out and asked, "Mr. Stone, is you a preacher-man?" As Mother tells it, Dad looked a little embarrassed and said, "No, I have a son-in-law who is a preacher, but I'm

not a preacher.

But I am a Christian!"

With rather excited satisfaction, the maid replied, "I

just knowed you was a Jesus man; I just knowed it!" I think that pretty much sums up the Christian witness impact of my father's life on all those who met him or
knew him.

What a grandfather my father was! ! How he loved his grandchildren! Not one was his favorite; he loved them all equally and with such joy. My mother had no favorites, either. Maybe that's the reason there were no such problems in our family. I can remember family dinners when Dad
would sit at the head of the table with my brother and his

family on one side and me and my family on the other side
and around one end; Dad woxild look at Mother and around at

all of us and say, "Did we start all this? " There was such pride on his face; he really enjoyed the family dinners. On several occasions in my hearing, I have seen him watching the children of my brother and me playing together, and he wovild turn to me and say, "I am constantly thankful to God for such beautiful grandchildren. There is not one unpretty one in the whole bunch. " He dearly loved the little babies. Most men don't show much interest in tiny babies, not until they get big enough to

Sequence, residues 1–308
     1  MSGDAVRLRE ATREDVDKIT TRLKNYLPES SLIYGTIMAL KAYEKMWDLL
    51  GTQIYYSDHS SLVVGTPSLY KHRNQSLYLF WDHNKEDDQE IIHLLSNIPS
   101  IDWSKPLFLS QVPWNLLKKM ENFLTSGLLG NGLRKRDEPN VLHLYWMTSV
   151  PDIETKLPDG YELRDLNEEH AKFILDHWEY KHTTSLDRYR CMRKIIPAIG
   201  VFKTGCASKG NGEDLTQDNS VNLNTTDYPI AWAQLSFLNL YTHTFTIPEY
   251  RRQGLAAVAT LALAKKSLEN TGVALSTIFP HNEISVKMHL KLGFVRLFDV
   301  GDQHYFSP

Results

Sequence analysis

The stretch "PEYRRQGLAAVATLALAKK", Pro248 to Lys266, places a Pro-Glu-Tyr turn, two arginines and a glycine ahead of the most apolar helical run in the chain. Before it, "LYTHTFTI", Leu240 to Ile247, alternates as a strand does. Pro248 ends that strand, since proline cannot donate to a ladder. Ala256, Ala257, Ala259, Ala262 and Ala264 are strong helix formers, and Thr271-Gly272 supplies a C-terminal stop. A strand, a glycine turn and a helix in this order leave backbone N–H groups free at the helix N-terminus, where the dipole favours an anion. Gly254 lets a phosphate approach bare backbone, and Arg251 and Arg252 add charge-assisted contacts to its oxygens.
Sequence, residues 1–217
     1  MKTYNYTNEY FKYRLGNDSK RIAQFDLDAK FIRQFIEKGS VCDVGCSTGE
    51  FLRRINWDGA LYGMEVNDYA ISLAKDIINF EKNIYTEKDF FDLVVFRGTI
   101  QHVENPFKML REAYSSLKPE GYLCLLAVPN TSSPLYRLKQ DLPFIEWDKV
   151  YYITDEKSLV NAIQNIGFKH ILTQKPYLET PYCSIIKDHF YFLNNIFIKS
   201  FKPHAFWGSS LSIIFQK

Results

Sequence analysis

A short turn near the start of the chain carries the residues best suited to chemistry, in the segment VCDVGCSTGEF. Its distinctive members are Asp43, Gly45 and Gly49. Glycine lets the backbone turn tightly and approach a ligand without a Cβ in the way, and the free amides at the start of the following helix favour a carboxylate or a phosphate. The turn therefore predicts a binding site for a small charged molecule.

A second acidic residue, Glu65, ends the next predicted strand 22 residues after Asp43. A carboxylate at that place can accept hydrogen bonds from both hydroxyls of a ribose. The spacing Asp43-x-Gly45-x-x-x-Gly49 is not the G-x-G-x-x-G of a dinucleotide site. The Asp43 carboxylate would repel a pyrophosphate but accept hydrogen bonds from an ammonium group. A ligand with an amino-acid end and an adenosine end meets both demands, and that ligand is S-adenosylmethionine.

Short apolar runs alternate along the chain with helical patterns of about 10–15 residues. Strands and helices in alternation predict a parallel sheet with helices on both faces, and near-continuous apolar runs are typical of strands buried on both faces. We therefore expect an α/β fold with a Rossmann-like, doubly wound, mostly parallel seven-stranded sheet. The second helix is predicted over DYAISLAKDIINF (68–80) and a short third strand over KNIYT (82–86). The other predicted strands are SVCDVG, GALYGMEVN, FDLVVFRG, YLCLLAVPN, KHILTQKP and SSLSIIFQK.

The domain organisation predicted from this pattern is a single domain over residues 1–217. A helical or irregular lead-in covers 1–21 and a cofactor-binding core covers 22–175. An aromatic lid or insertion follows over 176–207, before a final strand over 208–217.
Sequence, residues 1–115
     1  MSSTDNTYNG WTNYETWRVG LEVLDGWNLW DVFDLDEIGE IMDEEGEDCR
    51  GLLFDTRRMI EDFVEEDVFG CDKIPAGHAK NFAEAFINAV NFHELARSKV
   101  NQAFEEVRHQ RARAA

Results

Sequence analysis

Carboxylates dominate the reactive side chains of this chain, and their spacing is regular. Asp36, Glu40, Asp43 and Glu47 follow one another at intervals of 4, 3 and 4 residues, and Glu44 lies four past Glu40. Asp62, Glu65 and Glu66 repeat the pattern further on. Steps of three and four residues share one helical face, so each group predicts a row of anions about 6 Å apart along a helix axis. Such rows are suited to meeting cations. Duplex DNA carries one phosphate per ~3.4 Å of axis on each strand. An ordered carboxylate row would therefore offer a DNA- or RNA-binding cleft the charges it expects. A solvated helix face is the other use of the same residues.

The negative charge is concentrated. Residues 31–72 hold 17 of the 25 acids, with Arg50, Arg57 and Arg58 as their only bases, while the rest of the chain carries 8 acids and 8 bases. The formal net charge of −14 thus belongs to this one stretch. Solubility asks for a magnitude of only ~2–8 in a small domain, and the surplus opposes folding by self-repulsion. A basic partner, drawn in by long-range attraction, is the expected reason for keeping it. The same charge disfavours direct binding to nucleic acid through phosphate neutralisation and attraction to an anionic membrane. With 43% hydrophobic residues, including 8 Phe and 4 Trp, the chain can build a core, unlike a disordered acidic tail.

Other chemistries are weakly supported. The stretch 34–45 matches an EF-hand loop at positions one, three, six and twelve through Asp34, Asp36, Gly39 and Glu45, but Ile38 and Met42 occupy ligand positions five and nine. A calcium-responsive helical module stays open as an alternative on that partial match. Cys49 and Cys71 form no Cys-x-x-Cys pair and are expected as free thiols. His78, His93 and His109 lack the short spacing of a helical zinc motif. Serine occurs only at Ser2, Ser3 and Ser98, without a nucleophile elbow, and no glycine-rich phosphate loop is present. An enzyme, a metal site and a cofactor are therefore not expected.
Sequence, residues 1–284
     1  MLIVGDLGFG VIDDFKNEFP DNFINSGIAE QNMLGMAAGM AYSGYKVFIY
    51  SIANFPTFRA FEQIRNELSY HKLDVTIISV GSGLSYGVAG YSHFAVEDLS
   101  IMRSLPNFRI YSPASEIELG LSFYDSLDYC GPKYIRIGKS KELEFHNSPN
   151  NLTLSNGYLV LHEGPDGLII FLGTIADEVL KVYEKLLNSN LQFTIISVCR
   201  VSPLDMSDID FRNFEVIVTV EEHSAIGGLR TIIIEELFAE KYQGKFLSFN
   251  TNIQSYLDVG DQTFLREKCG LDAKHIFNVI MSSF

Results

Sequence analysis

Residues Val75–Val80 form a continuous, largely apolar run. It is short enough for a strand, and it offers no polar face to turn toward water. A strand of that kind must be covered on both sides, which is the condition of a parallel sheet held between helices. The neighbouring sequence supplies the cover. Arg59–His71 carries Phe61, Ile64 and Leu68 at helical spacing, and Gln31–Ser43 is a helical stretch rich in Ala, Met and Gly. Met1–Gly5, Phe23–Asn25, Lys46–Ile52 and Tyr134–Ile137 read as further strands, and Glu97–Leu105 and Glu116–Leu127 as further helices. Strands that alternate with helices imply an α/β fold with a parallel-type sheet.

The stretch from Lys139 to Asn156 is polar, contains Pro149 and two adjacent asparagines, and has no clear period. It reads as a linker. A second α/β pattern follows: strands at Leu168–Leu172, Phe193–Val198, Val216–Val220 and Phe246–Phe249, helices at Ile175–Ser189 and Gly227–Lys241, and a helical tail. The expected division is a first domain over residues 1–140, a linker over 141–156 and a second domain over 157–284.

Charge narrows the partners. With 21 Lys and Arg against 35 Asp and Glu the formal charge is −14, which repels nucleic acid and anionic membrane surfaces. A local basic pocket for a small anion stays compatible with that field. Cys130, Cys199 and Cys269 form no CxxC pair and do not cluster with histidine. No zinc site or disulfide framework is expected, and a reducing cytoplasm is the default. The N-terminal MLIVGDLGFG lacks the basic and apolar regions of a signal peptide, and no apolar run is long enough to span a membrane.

respond, smile and jabber. The tinier they were, the more
Dad loved them. He walked with them; he walked all the

babies until they got too big or until a new one came along. He carried the babies with their little backs against his ample stomach so they could look outwards. He claimed that even the tiny ones liked to see where they were going. And how they loved it! There was no one like their grandpa and he could soothe the fussiest baby. Strangely enough, this did not spoil them. They didn't expect this kind of treatment from anyone except their grandpa, and the minute they saw
him, he had to take them.

Joy, Sorrow, Reunion 1958


Dad and Mother were always thinking of others besides themselves. They both helped care for their parents. They
shared their lives and sustenance with others including us.

They bought bicycles for all our children and then worried
that if one of them had an accident and was hurt or perhaps killed, they would feel responsible because they had

provided the bike. They tried to share their vacations with us by bring back gifts and mementos of where they had been to all the grandchildren and to us, too. It was like a
second Christmas when Grandma and Grandpa came home from vacation. Yes, they loved us. Yes, Dad loved us. The summer before, while we were sitting around the table one day. Dad rather haltingly put his love into words, and told me, "You know, Adele, I pray for you and Harrold and the children every day. " Now we were in grave danger of losing him. As the train

sped through the night, all of these things and a lot more kept pouring through my mind. Over and Over I prayed to God that if living for my father meant severe physical handicaps or being a vegetable in a nursing home somewhere, he be allowed to die. Above all, I prayed God's will to
be done.

The train pulled into the St. Paul station at 6:30 in the morning. As I walked into that huge concourse and saw both
my Mother and my brother waiting for me, I knew my prayers